Q&A: Kandice Porter Explains How Data Analytics Helped Failure Rates Plummet
Teaching styles vary by professor, but all teachers want to see their students succeed. At Kennesaw State University, Kandice Porter, the chair of the school’s Department of Health Promotion and Physical Education, noticed particularly high dropout and failure rates among students in KSU’s WELL 1000 course, an introductory-level online class.
In response, Porter, in partnership with education-analytics firm Perceivant, introduced an interactive, web-based system that housed course materials online and offered educators tools to better engage students in the class.
Over a subsequent two-year period, KSU reported a 48 percent drop in dropout and failure rates in the class. Porter spoke with EdTech about how KSU implemented the new system and how offering these tools helped students succeed.
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EDTECH: What was the reason KSU decided to add management and data analysis tools to the online module for this course?
PORTER: At KSU, we offer a holistic health course that is focused on goal-setting, with a semester-long project that builds on student self-assessments and reflections for them to really be able to establish healthy behaviors. For that reason, we wanted the course to have a number of progressions, not only in terms of the content, but as students would reflect on where they are now and where they are moving throughout the course.
What we found is students came to KSU without the self-management skills that they needed to do well, particularly in an online environment. We wanted to create a way to kind of check those students who are struggling early on and engage them in a way that we can maintain their progress throughout the semester, so they wouldn't fall behind and get to a point where it really wasn't feasible for them to be successful in the course.
EDTECH: What specifically about the new data analysis tools made it so successful?
PORTER: Well, one of the things we did is we created key points to identify what key tasks were necessary for students to be successful in the course. For example, if they had not done certain assignments or even bought a textbook or logged in to the course by a certain point, then the likelihood of them being successful was greatly reduced.
So, we said, we want to have data on how many hours per week our students are spending to get A’s in the class as opposed B’s, C’s and D’s, and we want to share that information with our students. Now there is a check that says to students not only that they have an assignment to do, but students who do well on this first healthy-living module are 50 percent more likely to earn an A in this course than students who turned it in late or don't put an adequate amount of time and effort into submission.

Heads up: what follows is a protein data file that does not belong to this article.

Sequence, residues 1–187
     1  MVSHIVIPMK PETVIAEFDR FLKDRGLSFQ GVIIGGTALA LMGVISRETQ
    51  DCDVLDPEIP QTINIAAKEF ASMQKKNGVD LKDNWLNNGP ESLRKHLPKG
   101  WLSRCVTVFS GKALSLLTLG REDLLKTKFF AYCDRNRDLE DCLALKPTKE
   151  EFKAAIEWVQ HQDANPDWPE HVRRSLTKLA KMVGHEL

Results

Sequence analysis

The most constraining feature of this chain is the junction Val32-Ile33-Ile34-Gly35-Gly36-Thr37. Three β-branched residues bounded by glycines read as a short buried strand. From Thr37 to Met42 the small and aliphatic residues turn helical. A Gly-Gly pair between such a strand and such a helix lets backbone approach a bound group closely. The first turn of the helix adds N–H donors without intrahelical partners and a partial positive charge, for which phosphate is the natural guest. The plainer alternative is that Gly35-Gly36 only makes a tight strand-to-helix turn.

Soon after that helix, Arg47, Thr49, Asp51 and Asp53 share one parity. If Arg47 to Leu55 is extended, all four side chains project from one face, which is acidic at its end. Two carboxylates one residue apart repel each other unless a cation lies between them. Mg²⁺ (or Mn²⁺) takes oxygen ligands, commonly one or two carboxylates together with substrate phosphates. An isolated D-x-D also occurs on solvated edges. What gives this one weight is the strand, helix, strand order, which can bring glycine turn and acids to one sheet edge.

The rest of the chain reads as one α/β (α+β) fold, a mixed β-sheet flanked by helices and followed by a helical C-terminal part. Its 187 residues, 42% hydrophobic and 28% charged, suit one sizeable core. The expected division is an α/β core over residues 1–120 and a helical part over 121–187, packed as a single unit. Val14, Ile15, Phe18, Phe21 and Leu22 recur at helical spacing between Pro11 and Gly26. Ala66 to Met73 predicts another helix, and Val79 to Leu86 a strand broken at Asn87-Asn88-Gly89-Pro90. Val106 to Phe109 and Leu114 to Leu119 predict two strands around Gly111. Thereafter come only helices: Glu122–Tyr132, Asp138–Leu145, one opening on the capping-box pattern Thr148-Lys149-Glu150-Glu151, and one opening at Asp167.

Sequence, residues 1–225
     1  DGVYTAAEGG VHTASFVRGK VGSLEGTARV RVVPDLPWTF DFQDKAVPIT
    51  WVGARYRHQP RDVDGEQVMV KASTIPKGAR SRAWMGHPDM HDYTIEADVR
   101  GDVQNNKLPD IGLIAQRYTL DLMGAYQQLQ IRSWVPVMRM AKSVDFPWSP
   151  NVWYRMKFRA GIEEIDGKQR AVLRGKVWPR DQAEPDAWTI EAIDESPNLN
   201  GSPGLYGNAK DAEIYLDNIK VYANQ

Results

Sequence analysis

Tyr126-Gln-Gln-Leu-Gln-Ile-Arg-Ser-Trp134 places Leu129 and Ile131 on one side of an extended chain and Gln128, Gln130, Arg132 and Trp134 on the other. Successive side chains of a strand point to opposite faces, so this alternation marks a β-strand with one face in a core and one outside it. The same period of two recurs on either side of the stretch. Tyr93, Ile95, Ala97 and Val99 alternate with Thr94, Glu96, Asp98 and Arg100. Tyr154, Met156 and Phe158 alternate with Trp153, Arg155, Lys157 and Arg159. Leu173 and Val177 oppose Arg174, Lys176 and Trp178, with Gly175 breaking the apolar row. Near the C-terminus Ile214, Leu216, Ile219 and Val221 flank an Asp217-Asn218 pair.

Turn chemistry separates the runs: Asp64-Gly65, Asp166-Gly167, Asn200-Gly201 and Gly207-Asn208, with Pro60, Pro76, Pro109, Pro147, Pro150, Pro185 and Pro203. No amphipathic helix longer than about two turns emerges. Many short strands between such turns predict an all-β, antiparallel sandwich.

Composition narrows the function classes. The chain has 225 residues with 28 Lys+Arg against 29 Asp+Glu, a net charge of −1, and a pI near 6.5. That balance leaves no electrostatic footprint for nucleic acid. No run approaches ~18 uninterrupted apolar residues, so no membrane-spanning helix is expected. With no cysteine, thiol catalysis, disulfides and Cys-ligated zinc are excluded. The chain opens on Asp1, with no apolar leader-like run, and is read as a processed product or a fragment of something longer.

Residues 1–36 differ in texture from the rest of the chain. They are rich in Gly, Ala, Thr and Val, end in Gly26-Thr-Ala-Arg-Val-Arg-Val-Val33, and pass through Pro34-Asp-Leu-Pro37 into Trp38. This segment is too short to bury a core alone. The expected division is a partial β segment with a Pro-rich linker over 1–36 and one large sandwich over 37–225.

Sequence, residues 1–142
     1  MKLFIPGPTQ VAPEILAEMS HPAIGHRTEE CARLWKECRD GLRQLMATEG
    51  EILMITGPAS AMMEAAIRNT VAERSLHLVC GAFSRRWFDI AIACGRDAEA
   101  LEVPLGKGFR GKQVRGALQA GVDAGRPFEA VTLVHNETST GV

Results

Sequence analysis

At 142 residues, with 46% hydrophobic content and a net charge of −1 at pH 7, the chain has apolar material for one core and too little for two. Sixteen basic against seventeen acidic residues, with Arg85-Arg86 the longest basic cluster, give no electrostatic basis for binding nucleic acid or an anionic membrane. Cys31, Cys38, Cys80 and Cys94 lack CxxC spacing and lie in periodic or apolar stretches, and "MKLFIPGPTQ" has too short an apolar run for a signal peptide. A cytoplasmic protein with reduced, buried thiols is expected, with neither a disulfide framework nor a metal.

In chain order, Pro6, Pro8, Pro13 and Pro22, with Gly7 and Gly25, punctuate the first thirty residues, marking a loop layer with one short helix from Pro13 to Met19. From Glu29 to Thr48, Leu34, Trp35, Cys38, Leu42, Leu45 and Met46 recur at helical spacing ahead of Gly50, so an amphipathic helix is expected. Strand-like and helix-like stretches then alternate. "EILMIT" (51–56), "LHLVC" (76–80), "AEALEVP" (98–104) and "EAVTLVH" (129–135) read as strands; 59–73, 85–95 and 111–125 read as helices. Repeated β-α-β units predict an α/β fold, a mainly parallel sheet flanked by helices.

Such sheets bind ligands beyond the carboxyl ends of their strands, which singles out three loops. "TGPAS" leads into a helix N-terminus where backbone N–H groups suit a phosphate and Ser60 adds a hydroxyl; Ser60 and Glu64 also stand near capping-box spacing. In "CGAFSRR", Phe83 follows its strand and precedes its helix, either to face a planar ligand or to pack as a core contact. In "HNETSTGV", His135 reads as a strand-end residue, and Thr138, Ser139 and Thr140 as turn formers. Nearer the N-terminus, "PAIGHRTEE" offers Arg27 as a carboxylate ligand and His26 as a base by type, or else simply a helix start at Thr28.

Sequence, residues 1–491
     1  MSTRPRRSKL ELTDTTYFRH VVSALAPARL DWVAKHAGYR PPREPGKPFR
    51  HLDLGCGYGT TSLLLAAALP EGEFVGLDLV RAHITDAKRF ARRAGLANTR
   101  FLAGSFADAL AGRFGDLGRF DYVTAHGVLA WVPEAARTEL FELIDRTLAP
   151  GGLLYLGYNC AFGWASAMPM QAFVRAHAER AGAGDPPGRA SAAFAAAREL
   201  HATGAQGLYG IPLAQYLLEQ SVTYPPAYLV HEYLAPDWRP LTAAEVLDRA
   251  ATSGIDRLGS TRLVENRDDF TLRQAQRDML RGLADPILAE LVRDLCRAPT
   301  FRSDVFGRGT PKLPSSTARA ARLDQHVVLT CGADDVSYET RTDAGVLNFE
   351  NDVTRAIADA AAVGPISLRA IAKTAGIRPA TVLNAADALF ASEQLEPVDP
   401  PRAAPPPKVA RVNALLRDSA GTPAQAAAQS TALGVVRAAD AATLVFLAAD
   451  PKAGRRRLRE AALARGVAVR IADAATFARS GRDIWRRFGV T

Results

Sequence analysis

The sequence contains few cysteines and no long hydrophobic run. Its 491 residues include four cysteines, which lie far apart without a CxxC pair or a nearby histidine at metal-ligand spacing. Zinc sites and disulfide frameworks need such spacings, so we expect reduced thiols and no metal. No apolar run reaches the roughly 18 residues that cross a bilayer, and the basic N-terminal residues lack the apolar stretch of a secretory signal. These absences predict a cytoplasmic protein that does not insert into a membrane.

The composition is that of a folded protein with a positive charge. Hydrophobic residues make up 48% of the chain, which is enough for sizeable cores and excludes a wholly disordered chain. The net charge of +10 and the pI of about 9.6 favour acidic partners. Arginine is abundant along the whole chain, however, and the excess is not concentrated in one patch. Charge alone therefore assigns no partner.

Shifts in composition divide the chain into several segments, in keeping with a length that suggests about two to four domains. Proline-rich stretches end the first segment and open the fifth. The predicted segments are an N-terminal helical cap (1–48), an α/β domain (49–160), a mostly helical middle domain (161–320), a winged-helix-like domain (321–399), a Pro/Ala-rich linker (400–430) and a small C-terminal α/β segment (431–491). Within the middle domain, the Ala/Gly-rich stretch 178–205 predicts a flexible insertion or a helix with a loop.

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EDTECH: How has this program helped the professors at KSU, and why have you shared it directly with students?
PORTER: I think all of this information is very helpful for the instructors, and it would be great if each of us had the time and the energy to do this with all of our classes.
But we have 35 different faculty members who teach this course, and they're dealing with large sections of 50-plus students. Some of them are also part-time faculty members and they may not have the time to identify all those students who are at risk of not being successful in the course early on.
So, having this data come to students and having an automatic trigger happening without any kind of effort on their part was very helpful in the sense that it alleviated some of the burden put on professors, so they could focus on grading and giving timely feedback on assignments rather than trying to say, “Hey, you still haven't logged in to your textbook.”
EDTECH: After seeing success with this course, what is KSU’s plan for introducing accessible data analytics into future online programs?
PORTER: The biggest reduction has been in the dropout and failure rates in our online courses. And what we have seen in the past is students generally think an online course should be self-paced, and this is certainly not self-paced.
Right now, we are working on the Well 1000 course, as well as creating a KSU textbook for our students so they know exactly what campus resources are available to them. Once we have that complete, we might be moving into broadening this program into other courses. I really like the way that we are able to identify students early in this course and help them to get on track to be successful, and I think that could be expanded to other classes at KSU.